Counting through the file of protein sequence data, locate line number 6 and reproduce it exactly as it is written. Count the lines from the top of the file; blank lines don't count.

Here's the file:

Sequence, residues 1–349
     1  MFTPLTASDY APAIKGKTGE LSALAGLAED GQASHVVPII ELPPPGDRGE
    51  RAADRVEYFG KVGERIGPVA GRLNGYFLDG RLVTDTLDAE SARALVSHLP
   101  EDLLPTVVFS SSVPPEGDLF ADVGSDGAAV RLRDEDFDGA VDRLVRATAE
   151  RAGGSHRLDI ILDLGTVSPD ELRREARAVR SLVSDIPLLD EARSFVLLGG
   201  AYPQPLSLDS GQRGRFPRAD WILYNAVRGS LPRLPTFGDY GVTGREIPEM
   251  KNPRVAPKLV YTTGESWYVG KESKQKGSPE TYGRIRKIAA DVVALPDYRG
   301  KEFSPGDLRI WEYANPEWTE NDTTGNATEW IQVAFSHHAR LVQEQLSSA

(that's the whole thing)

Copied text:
   201  AYPQPLSLDS GQRGRFPRAD WILYNAVRGS LPRLPTFGDY GVTGREIPEM